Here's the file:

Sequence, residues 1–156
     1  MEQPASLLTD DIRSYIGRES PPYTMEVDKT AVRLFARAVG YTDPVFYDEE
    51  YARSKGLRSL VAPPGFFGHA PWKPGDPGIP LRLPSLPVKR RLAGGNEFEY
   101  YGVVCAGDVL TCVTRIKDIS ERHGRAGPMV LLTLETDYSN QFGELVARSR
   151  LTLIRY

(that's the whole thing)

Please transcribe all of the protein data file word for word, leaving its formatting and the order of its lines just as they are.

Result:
Sequence, residues 1–156
     1  MEQPASLLTD DIRSYIGRES PPYTMEVDKT AVRLFARAVG YTDPVFYDEE
    51  YARSKGLRSL VAPPGFFGHA PWKPGDPGIP LRLPSLPVKR RLAGGNEFEY
   101  YGVVCAGDVL TCVTRIKDIS ERHGRAGPMV LLTLETDYSN QFGELVARSR
   151  LTLIRY